Critics assailed the deal, wondering why the state was planning to sell land shortly after buying it without getting fresh appraisals.
Dyson wrote to Curran that constituents have told him they believe the
state acted criminally in putting together the deal. Dyson said he is not sure
he agrees but said the questions have merit. At best, he said, it is "a bad
way for the state to do business."
Recent revelations that the Ehrlich administration is interested in selling
thousands of acres of public land in other parts of the state make questions
about the Hackerman deal all the more crucial.
"Somebody needs to look into this, particularly if they plan to do more of
this," Dyson said. "It would have really hurt here. It has the potential to do
Curran reviewed Dyson's letter late yesterday and is contemplating his next
steps, said spokesman Kevin Enright. "At this time, he has no comment,"
`Get the ball rolling'
House Speaker Michael E. Busch, an Annapolis Democrat, endorsed Dyson's
request in an interview.
"Good for Roy. Somebody needed to get the ball rolling," Busch said.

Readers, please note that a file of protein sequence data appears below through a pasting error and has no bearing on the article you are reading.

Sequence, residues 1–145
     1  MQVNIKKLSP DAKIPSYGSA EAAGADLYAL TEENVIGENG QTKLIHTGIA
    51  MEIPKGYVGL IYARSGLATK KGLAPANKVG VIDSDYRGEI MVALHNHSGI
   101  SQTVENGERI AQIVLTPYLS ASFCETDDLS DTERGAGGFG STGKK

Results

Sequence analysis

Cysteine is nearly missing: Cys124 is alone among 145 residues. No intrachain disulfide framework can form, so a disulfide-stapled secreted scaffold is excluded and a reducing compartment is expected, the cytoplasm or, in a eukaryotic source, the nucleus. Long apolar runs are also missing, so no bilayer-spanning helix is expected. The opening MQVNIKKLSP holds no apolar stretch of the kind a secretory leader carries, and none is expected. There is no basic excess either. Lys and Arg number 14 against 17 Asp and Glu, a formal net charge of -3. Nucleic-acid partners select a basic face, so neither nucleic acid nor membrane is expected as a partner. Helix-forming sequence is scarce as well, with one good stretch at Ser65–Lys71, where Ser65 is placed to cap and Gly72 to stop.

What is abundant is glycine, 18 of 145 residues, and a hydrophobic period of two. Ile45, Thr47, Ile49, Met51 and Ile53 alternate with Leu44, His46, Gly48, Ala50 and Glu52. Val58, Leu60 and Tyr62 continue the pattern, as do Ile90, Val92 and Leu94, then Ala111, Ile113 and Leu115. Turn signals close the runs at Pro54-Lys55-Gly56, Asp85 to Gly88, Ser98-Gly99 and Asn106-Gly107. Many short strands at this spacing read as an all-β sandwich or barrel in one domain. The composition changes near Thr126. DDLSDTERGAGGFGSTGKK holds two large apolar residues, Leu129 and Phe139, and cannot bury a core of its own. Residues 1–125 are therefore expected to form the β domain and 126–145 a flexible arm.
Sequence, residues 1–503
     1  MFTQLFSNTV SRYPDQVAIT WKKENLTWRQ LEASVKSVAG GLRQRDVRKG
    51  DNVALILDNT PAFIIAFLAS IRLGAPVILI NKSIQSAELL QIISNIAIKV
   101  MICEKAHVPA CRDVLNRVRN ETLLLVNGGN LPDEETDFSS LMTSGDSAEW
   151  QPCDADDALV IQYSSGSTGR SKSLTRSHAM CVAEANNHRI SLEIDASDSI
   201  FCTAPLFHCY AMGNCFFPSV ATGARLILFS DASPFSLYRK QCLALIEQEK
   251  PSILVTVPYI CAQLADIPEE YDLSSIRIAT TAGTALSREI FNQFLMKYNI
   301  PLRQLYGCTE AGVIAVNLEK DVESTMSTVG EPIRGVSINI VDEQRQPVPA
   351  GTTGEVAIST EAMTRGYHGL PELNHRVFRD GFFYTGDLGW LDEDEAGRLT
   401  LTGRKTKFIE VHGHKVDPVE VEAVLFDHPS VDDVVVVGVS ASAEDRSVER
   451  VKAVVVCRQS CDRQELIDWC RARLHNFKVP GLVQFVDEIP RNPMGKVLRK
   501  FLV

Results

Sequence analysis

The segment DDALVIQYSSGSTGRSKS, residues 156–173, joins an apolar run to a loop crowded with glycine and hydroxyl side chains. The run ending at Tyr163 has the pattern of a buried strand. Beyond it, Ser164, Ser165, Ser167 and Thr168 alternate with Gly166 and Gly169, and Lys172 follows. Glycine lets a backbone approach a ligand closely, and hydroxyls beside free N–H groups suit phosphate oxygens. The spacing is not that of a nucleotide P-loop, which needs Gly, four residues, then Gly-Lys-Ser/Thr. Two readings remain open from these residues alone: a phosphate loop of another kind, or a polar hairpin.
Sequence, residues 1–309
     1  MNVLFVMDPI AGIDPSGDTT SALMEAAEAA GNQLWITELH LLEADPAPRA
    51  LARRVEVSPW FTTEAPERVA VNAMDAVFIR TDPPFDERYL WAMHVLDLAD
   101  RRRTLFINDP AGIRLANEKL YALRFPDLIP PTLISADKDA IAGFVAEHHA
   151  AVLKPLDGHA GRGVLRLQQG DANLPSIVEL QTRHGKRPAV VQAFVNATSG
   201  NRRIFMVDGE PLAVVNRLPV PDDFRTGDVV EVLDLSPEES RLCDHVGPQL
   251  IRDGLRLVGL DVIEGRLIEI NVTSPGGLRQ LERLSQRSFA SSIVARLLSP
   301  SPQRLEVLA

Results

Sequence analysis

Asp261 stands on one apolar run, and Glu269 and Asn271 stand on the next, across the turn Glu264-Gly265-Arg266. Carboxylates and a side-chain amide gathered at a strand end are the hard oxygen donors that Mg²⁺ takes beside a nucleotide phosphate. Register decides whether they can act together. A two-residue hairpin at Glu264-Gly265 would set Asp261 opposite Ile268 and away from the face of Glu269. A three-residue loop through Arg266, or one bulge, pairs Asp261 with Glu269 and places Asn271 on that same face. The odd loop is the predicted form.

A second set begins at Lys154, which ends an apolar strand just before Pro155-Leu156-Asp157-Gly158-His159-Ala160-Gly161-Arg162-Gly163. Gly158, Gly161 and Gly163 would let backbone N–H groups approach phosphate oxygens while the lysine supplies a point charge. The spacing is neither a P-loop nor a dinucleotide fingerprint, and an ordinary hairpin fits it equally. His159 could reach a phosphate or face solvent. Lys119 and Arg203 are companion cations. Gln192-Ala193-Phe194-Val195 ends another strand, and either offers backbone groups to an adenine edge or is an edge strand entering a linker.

Legislative critics have raised concerns that the Ehrlich administration is
embarking on a broader strategy to move public land into the hands of private
developers. Last week, The Sun reported a list of 64 parcels totaling nearly
3,000 acres that the state Department of Natural Resources has identified as
surplus property which could be sold to private interests. Most are in state
parks, forests and resource management areas.
State Del. Maggie L. McIntosh, a Baltimore Democrat who is chairwoman of
the House Environmental Matters Committee, said yesterday she is planning a
hearing to determine how the land was identified.
"It is certainly disturbing," she said.
Added Busch: "Every citizen pays transfer tax to preserve parks and
environmentally sensitive areas, and the idea that the administration wants to
sell them off to developers and large campaign contributors absolutely flies
in the face of good government."